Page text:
There weren’t more than handful of people in Lloyd Noble Center on Martin Luther King Day when the Sooners were practicing. The gym, mostly empty, rang with the sounds of Oklahoma coach Lon Kruger and assistant Chris Crutchfield down on the south end of the floor.
Isaiah Cousins was at the top of the key. Je’lon Hornbeak was stretched out on the left wing, and Jordan Woodard stood on the right. They were playing defense — 3-on-3 with other guards — and the intensity level was high.
Three players who make up the eighth best scoring team in Division I men’s hoops were repeatedly being coached up on their defensive skills. They worked the team’s weakness, so its strength might further flourish.
As the ball moved from side to side, as sophomore Buddy Hield continued to drive and kick, the three guards sprinted about the half court. They looked to deny passing lanes, force bad shots and create turnovers the old fashioned way.
“At some point,” Crutchfield said, “you gotta hold your ground. You have to hold your ground and take a charge.”
This wasn’t anything different from what Kruger and his staff has taught their teams since they first arrived in Norman three years ago. They still want to play tough defense. They still value taking care of the ball.
But there was something different about this team; different than the other two OU teams Kruger’s coached. The difference is this team is ranked in the Associated Press poll.
It’s a subtle thing, a ranking. The only folks who truly care about college sports rankings are college sports fans and college sports media. For fans, it’s about pride. For reporters, it’s about establishing a hierarchy that many believe is as close to true as possible.
The ranking doesn’t change how teams practice or prepare. It doesn’t come with magical fairy dust. The ranking is just a slight acknowledgment from the voting contingent of the basketball media that it has been watching, paying attention, doing its due diligence.
And through the first couple of weeks of January, those with votes have recognized six Big 12 teams as six of the top 25 teams in the country. Those teams include:
Kansas (No. 8)
Oklahoma State (No. 11)
Iowa State (No. 16)
Kansas State (No. 22)
Baylor (No. 24)
Oklahoma (No. 25)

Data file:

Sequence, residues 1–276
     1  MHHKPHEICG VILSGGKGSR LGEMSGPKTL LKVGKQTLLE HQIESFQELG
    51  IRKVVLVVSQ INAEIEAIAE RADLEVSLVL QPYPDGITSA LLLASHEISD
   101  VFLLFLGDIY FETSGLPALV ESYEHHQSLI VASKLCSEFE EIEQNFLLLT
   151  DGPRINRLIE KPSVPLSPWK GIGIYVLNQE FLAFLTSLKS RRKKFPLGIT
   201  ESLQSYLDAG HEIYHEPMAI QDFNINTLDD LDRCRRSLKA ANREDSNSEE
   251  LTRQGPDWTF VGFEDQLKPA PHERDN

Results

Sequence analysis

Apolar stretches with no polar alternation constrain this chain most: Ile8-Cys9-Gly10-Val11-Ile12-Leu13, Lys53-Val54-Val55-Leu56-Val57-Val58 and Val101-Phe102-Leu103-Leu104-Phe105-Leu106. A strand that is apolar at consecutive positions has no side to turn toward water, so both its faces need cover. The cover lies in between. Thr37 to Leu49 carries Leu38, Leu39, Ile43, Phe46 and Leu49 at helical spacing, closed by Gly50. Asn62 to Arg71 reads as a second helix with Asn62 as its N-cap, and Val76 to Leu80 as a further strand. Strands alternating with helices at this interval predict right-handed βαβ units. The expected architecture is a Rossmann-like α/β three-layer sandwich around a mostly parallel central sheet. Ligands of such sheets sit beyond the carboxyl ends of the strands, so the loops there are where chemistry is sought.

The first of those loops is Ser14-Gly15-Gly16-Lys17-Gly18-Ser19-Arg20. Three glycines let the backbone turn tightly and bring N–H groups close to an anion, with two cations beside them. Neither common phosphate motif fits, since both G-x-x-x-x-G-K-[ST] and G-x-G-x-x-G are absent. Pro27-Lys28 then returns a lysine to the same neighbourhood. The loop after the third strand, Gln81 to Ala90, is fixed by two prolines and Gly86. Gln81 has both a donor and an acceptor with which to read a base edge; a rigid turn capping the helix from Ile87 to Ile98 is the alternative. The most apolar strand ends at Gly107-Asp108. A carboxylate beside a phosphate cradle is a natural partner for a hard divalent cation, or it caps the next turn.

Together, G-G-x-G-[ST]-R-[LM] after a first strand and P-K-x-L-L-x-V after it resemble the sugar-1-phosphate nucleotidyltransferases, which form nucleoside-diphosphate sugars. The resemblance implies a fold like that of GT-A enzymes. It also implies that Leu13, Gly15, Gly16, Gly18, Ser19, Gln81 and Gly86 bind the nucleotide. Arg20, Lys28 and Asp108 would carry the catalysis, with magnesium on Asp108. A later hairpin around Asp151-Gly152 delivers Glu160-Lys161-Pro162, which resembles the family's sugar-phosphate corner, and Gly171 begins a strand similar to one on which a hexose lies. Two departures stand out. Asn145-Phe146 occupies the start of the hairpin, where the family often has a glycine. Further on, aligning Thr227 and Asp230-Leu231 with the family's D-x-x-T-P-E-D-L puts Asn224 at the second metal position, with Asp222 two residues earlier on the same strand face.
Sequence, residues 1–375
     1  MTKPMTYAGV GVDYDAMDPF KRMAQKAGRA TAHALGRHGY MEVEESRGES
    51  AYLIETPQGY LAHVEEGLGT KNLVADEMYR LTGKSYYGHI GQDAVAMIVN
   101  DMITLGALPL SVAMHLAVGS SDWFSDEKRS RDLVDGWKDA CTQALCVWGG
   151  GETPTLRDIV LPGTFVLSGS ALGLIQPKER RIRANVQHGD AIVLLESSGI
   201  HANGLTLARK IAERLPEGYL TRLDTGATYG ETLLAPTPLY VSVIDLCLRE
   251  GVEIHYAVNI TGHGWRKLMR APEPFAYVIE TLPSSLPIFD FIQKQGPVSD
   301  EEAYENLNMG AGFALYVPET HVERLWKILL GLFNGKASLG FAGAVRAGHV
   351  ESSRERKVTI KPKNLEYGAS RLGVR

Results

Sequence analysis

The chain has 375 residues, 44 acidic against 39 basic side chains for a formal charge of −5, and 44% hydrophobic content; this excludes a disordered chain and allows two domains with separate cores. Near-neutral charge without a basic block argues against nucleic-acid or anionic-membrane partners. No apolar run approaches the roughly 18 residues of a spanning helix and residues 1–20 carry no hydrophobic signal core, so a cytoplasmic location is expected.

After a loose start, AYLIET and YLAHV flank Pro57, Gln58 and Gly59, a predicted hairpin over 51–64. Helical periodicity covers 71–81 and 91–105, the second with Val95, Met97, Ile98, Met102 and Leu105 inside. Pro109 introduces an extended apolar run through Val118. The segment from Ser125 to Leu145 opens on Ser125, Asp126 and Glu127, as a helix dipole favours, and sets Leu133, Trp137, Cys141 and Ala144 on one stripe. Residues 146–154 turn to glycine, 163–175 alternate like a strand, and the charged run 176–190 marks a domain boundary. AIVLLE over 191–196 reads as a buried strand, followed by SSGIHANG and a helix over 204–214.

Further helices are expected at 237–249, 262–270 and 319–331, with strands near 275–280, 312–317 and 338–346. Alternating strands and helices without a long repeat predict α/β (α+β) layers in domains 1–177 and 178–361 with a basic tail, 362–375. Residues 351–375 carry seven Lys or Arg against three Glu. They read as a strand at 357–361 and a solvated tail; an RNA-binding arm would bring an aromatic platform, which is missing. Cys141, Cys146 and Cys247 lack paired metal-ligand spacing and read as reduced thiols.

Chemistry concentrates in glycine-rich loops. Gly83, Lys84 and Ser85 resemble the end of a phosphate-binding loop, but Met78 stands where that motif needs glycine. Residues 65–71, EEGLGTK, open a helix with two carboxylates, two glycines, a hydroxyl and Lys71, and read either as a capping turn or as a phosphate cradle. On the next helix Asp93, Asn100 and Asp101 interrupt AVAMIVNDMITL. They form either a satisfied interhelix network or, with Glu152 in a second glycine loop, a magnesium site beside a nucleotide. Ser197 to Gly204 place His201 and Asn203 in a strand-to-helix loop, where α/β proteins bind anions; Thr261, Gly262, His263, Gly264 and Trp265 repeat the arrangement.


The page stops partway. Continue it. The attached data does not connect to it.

That’s perhaps the easiest way to make a case for the Big 12 being one of the better conferences in college basketball. But there are others.
Three Big 12 teams — Iowa State, Oklahoma and Oklahoma State — rank among the top 10 teams in the country in scoring. Three of the top six players eligible for the 2014 NBA Draft play in the league. Seven Big 12 teams have won at least 13 games in 17.
But I’ve always thought a conference is only as good as its weakest members. That means taking a hard look at how good West Virginia, Texas Tech and Texas Christian have been.
WVU and Tech have each found a way to remain above .500 in a league many thought they would be utterly dominated by, and they still might. Right now though, they’re each sitting on a 10-8 (2-3 Big 12) record.
In his first year in charge, Tech coach Tubby Smith has already begun to turn around the program. The Red Raiders won back-to-back Big 12 games for the first time in nearly three years last week.
They need just two more wins to notch more victories this year than they had last season. They also only need two wins to amass more Big 12 victories than they had last season. Who knows what Tech might have been capable of if Josh Gray didn’t decide to play junior college ball this year?
WVU has sophomore guard Eron Harris and junior Juwan Staten to point to. Harris averages 17.6 points a game, and Staten scores 17.3 a game. With all this scoring going on in the Big 12, only the Mountaineers claim two of the top 5 scorers in the league on the same team.
West Virginia has shown it can play with the best in the league, losing to Oklahoma State by just one point at home. The Mountaineers are beating the teams they should, and if one of the upper echelon teams in the league slips, WVU is capable of beating them.
TCU is the only Big 12 team without a win in league play. In fact, the Horned Frogs have only played one game since 2014 began where they haven’t lost by double-digits.
They travel to Norman on Wednesday. The last time TCU played Lloyd Noble they lost by 27, and TCU coach Trent Johnson kept it real in the postgame presser.
“Without looking at the tape, the bottom line for me is you can look at the score, you can cut it anyway you want it, they just gave us a good old fashion ass-whooping,” Johnson said.
And so it was.
But the Horned Frogs returned the favor nearly a month later. When it was all said and done, they’d beaten a tournament team and a co-Big 12 champion. This TCU team is better than last year’s and capable, on the right night, of beating anyone.
I think that’s what makes the Big 12 so good. In this league, any team has the talent to beat another. While that was true last year, there are rankings — a subtle gesture — to show that’s likely true not only inside the Big 12 Conference but of Big 12 teams playing against the nation’s elite.